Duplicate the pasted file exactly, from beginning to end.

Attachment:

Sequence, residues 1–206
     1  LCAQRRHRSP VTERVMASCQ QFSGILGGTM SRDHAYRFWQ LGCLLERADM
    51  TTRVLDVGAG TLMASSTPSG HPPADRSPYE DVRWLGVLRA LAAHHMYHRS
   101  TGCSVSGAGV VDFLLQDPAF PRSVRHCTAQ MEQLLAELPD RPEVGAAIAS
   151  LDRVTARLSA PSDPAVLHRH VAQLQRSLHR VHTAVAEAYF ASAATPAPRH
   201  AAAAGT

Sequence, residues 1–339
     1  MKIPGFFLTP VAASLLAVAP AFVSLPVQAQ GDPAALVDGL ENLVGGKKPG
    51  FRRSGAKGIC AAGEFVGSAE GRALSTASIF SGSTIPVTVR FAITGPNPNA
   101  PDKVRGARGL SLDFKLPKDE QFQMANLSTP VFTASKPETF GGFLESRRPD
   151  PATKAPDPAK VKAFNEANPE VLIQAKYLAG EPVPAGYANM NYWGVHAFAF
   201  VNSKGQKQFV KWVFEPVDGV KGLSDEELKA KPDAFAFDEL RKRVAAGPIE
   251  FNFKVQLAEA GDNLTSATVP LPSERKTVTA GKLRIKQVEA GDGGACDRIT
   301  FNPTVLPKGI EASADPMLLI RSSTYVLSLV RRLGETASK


Sequence, residues 1–206
     1  LCAQRRHRSP VTERVMASCQ QFSGILGGTM SRDHAYRFWQ LGCLLERADM
    51  TTRVLDVGAG TLMASSTPSG HPPADRSPYE DVRWLGVLRA LAAHHMYHRS
   101  TGCSVSGAGV VDFLLQDPAF PRSVRHCTAQ MEQLLAELPD RPEVGAAIAS
   151  LDRVTARLSA PSDPAVLHRH VAQLQRSLHR VHTAVAEAYF ASAATPAPRH
   201  AAAAGT

Sequence, residues 1–339
     1  MKIPGFFLTP VAASLLAVAP AFVSLPVQAQ GDPAALVDGL ENLVGGKKPG
    51  FRRSGAKGIC AAGEFVGSAE GRALSTASIF SGSTIPVTVR FAITGPNPNA
   101  PDKVRGARGL SLDFKLPKDE QFQMANLSTP VFTASKPETF GGFLESRRPD
   151  PATKAPDPAK VKAFNEANPE VLIQAKYLAG EPVPAGYANM NYWGVHAFAF
   201  VNSKGQKQFV KWVFEPVDGV KGLSDEELKA KPDAFAFDEL RKRVAAGPIE
   251  FNFKVQLAEA GDNLTSATVP LPSERKTVTA GKLRIKQVEA GDGGACDRIT
   301  FNPTVLPKGI EASADPMLLI RSSTYVLSLV RRLGETASK